Being a Turtle is hard for a person with needs for instant gratification. It is certainly a lesson in patience.

So thanks again for getting me to re-think my strategy.

Last edited by Benay : Mon, Sep-08-14 at 06:30.
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  #18   ^
Old Mon, Sep-08-14, 08:10
Seejay's Avatar
Seejay Seejay is offline
Senior Member
Posts: 3,019
 
Plan: Optimal Diet
Stats: 00/00/00 Female 62 inches
BF:
Progress: 8%
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Quote:
Originally Posted by Benay
I don't know if you read the initial Protein Power published in the early nineties, but they gave a formula for calculating body fat, lean body mass, amount body fat for men/women in different age groups based upon tape measurements. Since so many people had trouble doing the calculations, apparently, they simply gave lists in the next iteration. Over the years, my lean body mass has not changed..
I did! I liked that book a lot actually. I was sorry when the next one took a different approach.

It took a while for me to dial down the protein too. I too can eat an 8-10 ounce steak, no problem

Good luck !
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  #19   ^
Old Mon, Sep-08-14, 08:25
JLx's Avatar
JLx JLx is online now
Senior Member
Posts: 1,640
 
Plan: IF
Stats: 252.5/218/152.5 Female 66
BF:Highest, 276
Progress: 35%
Location: Michigan U.P., USA
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Something that hasn't been mentioned -- that I've come to the conclusion is important for me -- is how often to eat.

We've been discussing the lectures and blog posts of Dr. Jason Fung on this board, http://forum.lowcarber.org/showthre...63&page=1&pp=15. While his emphasis is primarily on diabetes, he believes diabetes and obesity have the same cause, insulin toxicity/resistance. And frequent eating of insulinogenic foods, which include protein, can be an important factor. See my post here: http://forum.lowcarber.org/showpost...07&postcount=28 with some exerpts from Dr. Fung's Hormonal Obesity Theory.

See also his blog post here: http://intensivedietarymanagement.c...besity-part-xx/

Quote:
One of the founding principles of the low carbohydrate approach is that insulin is the key driver of obesity. This fact seems solidly grounded in science as we have discussed before. Carbs are the major macronutrient (out of fat, protein and carbs) that cause blood sugars to go up. As blood sugar goes up, insulin is assumed to also follow. Therefore, carbohydrates are assumed to play the major role in stimulating insulin release. This is true. However, we have not considered the possibility that food may increase the insulin levels without raising blood sugars.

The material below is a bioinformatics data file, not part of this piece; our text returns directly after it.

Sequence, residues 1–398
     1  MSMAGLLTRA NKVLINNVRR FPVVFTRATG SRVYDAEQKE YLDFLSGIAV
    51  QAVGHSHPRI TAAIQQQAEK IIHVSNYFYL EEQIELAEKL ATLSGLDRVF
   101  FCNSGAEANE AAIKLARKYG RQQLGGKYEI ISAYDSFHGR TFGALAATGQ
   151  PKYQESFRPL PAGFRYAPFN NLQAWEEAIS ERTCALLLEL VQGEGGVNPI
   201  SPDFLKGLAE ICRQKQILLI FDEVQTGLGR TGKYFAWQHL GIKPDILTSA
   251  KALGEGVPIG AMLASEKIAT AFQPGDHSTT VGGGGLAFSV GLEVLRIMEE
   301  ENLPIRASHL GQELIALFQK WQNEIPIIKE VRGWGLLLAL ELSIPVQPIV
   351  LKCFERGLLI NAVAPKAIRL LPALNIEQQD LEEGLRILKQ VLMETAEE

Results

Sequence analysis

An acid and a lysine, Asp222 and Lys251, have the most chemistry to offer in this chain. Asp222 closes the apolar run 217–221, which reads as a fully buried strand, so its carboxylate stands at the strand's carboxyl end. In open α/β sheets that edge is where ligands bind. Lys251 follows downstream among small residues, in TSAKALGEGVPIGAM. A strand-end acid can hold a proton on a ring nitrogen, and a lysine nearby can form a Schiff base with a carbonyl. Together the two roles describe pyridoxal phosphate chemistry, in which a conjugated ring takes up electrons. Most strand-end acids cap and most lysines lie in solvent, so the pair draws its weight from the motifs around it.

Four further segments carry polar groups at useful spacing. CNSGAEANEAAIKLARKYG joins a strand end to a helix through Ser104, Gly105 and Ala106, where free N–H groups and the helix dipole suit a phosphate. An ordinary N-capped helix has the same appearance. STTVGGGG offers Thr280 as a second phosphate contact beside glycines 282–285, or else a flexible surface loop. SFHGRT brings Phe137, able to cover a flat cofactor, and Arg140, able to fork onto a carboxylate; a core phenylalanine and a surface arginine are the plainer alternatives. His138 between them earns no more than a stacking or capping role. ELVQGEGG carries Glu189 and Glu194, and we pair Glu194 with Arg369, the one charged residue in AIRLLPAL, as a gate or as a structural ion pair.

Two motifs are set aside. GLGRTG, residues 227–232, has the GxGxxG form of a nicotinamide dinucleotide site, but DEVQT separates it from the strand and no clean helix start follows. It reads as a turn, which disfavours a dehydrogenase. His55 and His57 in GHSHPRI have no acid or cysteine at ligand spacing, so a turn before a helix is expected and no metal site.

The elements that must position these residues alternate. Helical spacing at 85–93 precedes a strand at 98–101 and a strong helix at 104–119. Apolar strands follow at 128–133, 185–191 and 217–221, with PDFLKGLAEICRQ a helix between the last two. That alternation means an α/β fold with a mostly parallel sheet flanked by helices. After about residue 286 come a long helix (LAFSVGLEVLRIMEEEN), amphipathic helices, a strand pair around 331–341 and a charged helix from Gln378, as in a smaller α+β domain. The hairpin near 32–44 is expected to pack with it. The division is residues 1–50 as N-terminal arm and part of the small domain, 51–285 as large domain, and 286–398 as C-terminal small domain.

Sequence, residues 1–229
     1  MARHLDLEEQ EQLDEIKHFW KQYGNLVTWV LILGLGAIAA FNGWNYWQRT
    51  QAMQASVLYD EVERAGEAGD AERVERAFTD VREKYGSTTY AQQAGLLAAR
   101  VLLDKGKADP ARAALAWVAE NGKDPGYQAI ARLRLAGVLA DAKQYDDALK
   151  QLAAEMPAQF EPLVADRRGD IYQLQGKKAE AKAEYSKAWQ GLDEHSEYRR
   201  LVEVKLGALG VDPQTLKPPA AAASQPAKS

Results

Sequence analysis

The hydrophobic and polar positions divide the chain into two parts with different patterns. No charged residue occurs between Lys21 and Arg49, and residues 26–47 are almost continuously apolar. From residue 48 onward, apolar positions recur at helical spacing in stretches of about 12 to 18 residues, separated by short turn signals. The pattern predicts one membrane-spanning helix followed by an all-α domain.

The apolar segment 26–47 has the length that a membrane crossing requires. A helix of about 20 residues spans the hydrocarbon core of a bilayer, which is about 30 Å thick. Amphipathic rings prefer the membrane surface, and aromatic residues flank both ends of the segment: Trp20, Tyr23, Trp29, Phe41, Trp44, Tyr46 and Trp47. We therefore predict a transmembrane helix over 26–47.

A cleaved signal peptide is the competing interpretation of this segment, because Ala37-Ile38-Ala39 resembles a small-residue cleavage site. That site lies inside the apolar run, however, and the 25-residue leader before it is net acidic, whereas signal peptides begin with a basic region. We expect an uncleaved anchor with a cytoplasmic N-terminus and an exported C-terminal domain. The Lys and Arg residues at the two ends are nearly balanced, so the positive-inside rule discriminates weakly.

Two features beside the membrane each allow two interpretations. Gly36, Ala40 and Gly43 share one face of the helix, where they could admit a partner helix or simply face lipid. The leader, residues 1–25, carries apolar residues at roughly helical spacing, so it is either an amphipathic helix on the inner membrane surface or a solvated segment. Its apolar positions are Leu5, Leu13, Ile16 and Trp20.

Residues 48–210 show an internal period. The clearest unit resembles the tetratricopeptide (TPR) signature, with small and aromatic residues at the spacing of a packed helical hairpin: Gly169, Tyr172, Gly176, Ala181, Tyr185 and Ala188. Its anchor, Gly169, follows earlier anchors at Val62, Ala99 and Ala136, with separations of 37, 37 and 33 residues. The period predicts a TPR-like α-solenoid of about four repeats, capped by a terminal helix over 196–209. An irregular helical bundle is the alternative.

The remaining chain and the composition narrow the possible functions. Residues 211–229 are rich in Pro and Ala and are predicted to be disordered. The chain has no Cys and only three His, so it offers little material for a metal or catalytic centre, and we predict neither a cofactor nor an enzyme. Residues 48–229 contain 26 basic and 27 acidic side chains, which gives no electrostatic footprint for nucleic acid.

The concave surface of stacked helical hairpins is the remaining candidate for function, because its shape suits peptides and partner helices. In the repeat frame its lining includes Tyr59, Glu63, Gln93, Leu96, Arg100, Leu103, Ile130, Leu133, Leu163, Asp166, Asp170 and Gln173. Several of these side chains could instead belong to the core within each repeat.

The breakthrough was discovered in 1997, with the publication of the insulin index. Measuring the insulin response of 1000kJ portions of food, it was no surprise that the foods that stimulated insulin the most were the carbohydrate rich foods, bakery products, and snacks and confectionary. What was astounding was the fact that protein rich foods also significantly raised insulin levels.

Where most people assumed that there was a tight correlation between glucose levels and insulin levels, it turned out that only 23% of the variability in the insulin response was due to the glucose. In other words, only 23% of the insulin response is determined by how high the blood sugars rise. The vast majority of the insulin response (77%) is not related at all. Since it is insulin, and not glucose that drives weight gain, this changes everything. This is precisely where the glycemic index diets failed. They were targeting the glucose response with the assumption that the insulin response mirrored the glucose. But this is not the case. You could lower the glucose response by diet, but you didn’t necessarily lower the insulin response. In the end, it is only the insulin response that matters.


I don't mean to get up anyone's nose with his discussion of "The Atkins Decline", just provide some food for thought that I found very interesting in terms of my own weight loss/regains through my lifetime.

More on the insulinogenic index from Dr. Fung:
http://intensivedietarymanagement.com/insulin-index/

Quote:
The vast majority of the insulin response is still unknown. Some of the factors that are suspected or shown to affect the insulin secretion include presence of dietary fibre, an elevated amylose/amylopectin ratio of the starch, preserved botanical integrity (whole foods), presence of organic acids (fermentation), addition of vinegar (acetic acid), and addition of chili peppers (capsaicin). We will explore some of these factors in future posts. Nevertheless, the main point here is that there are many factors in the co-ingestion of foods that affect insulin. Things are about to become very complicated. The simplistic “Carbs make you fat!”, or “Calories make you fat!” or “Red meat makes you fat!” or “Sugar makes you fat!” sort of arguments simply are not able to capture the complexity of the human condition of weight gain. (my emphasis)


I'm not suggesting you decrease protein, btw, as you've already mentioned that you're struggling with that. Just throwing out some ideas that remind me of how previous generations of people used to eat, i.e. three meals a day, no snacking, no strange additives, moderate amounts of protein, low sugar, lots of fiber, fermented and vinegar containing foods.
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  #20   ^
Old Tue, Sep-09-14, 03:18
Benay's Avatar
Benay Benay is offline
Senior Member
Posts: 327
 
Plan: Atkins
Stats: 202/179/175 Female 5 feet 5 inches
BF:
Progress: 85%
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Thanks JLx. Points to ponder. The research on gluconeogenesis (hope I am spelling it right) and insulin is better known now and is the basis for the lower protein recommendations than in prior years. Old habits die hard. There also seems to be a lot of talk about fasting. I am still eating when hungry.